A Visit To Amsterdam

A work related project presented the opportunity to visit Amsterdam. It’s a place I haven’t been before so aside from the work stuff I was hoping to at least explore the city a little.

It’s been a busy summer and continues to be so there wasn’t an opportunity to extend this trip into a significant vacation. And yet, I was able to fly out a little early. By flying out Saturday instead of Monday the flight was actually less expensive by several hundred $ and it gave me some time to explore. I needed the time anyway because when I fly to Europe it always takes me upwards of 2 days to deal with the jet lag. I’m a zombie for easily 24 hours until I adjust to the local time. More after the break…

My flight arrived on a Sunday morning and from Schipol airport it turns out to be a fairly easy trip into the central part of the city via train. For 4,40 euro it was a 15 min ride. Skip the ticket machines – they don’t take regular credit cards. Just queue up and get a ticket from an agent at the window the old fashioned way. I wasn’t entirely sure of distances when I booked a stay at Maes B&B, but the central part of Amsterdam is extremely walkable. So from the train station I just rolled the bag down the side streets and found the B&B.

The city streets in and amongst the canals of Amsterdam are a mixture of residences, restaurants, shops, churches, bars, cafes and ‘coffee shops’. The latter seemed to be closer in toward the center of the city and not as much out in the canal neighborhoods. Don’t confuse cafes and ‘coffee shops’. If you want some coffee, go to the former. If you want to smoke weed, go to the latter.

One of the things you’re immediately struck by in Amsterdam is the overwhelming abundance of bicycles. Amsterdam is flat and the narrow little roads in the central city are ideal for getting around by bicycle. Bikes are everywhere. And they’re not just on the streets. They’re chained to anything that remotely resembles a bike rack. Mostly these are city bikes with maybe 3 speeds and fenders, lights, racks, chainguards. They’re heavy, but fine for getting around a flat city like Amsterdam. Bike racks are overflowing so every bridge and spot in the city appears to have a collection of bikes chained to their railings or anything that looks reasonably nailed down.

Naturally I immediately found a place close to my B&B and rented a bike. A big heavy 3 speed job. Perfect for seeing the city. There are all types of folks on bikes. It’s not just a hipster set. Young and old alike. You see men dressed for work, women in dresses, women in heels for crying out loud! This is not recreation. This is transportation.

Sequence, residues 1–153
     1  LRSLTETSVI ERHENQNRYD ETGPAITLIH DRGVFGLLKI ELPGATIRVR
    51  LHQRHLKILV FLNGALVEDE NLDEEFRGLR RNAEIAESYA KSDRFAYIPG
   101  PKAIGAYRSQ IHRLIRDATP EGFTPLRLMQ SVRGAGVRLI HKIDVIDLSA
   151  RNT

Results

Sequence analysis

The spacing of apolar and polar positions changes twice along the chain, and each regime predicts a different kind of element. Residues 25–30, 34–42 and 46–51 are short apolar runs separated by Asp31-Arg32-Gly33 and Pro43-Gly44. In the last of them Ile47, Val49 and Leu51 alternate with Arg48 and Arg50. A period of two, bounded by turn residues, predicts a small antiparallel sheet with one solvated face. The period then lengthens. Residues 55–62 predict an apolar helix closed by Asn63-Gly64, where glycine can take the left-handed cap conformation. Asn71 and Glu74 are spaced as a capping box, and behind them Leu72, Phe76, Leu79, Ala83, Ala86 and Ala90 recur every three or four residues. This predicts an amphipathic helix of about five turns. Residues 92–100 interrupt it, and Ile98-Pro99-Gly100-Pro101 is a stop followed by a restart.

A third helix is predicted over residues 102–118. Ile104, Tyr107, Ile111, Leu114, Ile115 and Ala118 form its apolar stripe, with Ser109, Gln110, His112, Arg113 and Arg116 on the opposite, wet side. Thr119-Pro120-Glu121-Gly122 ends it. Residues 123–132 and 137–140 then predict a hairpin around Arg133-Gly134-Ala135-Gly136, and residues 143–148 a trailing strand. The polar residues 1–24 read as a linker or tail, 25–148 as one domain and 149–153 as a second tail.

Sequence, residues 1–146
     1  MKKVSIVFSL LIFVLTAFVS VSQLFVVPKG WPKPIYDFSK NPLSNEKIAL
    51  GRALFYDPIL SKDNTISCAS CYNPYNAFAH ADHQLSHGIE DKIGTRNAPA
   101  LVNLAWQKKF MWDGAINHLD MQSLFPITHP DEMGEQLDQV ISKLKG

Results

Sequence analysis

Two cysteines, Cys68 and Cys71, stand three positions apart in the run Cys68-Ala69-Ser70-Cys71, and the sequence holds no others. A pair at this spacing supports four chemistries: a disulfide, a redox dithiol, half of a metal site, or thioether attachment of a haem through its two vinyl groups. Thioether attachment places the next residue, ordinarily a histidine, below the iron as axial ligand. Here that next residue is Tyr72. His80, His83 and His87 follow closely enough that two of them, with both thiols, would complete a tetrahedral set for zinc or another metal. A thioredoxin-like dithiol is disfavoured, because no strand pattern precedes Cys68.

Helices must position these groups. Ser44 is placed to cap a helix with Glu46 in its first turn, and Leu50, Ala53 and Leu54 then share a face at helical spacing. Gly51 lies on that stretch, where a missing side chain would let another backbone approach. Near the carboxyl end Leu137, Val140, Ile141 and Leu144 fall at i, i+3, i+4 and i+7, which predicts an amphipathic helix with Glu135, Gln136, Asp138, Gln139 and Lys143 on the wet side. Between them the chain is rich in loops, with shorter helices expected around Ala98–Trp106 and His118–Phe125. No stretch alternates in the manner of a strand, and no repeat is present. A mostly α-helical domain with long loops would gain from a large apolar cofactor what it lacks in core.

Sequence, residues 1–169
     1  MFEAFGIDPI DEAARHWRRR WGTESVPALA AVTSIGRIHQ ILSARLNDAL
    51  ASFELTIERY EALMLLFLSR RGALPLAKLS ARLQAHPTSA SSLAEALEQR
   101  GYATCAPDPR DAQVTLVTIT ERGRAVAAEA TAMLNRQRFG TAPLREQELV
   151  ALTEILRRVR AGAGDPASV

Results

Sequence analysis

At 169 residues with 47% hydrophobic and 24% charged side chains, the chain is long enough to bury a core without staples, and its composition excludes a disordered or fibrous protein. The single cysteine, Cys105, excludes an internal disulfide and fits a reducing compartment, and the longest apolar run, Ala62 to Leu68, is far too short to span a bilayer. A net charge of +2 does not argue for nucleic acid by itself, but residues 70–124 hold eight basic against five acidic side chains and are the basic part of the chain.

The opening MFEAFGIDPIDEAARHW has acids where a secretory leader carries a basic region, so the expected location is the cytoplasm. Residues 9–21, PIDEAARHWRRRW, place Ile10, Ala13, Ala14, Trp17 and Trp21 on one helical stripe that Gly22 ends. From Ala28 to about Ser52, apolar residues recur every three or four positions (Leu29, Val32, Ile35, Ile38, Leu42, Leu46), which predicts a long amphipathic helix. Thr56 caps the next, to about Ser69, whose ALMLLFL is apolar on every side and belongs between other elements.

Nobody, but nobody wears a helmet. Even folks that are riding along with tiny childen – where those kids are propped up on the handlebars no less – have no helmets. The only people you see with helmets are obvious tourists on road bikes making their way through the city.

Clearly trips are normally short and the weather isn’t as warm as the time I spent in Amsterdam because none of the bikes have water cages either. Being from Texas, I can’t imagine having a bike without a water cage. And people are dressed in clothes that would suggest that normally they don’t have to get to their destination and shower immediately.

It is easy to go almost anywhere in the central city by bike. Where there isn’t an obvious bike path, the road is fine for bikes. The difference it makes in terms of noise, breathability, and simply pleasantness is hard to imagine for the average American that is used to our car-clogged roads/streets. Bikes and pedestrials rule the central city here. Now there are of course expressways and major roads, but these feed into the central city, and you don’t absolutely need them to get into the central city.

On the warm days I was there, the canals too were full of people. The canals are extensive – more than 100 kilometers of canals – but the canals are not like Venice where you’ve got gondola row boats carrying tourists around. Here, the boats all appeared to be motorized. Big tour boats and tiny motor boats alike. The weekend had groups and familys piled into boats just slowly tooling around and sipping drinks and picnicing. Most of the canals appear to be lined with permantly afixed house boats too.

While the city obviously had museums and other historic venues, in the little time that I had, I opted mainly to either bike around, walk the city or pull into a restaurant or cafe with outdoor seating. Amsterdam was just a fun city to hang around. It seemed very safe (I never once saw any police presence), casual and relaxed. Someday I hope to return to spend a bit more time than I had this time.

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